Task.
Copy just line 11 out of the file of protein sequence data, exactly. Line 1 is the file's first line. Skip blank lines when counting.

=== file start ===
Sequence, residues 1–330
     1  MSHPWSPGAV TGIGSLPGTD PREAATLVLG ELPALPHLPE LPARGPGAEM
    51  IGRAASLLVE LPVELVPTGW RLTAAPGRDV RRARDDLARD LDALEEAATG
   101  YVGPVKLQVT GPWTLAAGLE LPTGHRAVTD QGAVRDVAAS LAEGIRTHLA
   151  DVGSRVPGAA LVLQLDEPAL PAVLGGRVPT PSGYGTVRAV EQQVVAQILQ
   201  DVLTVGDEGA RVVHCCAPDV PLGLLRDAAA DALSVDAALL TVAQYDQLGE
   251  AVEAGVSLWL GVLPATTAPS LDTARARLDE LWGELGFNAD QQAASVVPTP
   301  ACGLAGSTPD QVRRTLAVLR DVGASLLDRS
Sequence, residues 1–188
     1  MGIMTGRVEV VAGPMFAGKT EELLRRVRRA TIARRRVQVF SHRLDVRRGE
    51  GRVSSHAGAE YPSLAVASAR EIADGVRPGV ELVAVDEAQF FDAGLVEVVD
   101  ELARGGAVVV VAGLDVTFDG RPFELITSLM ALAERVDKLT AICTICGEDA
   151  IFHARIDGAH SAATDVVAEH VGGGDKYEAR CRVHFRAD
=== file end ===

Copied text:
    51  GRVSSHAGAE YPSLAVASAR EIADGVRPGV ELVAVDEAQF FDAGLVEVVD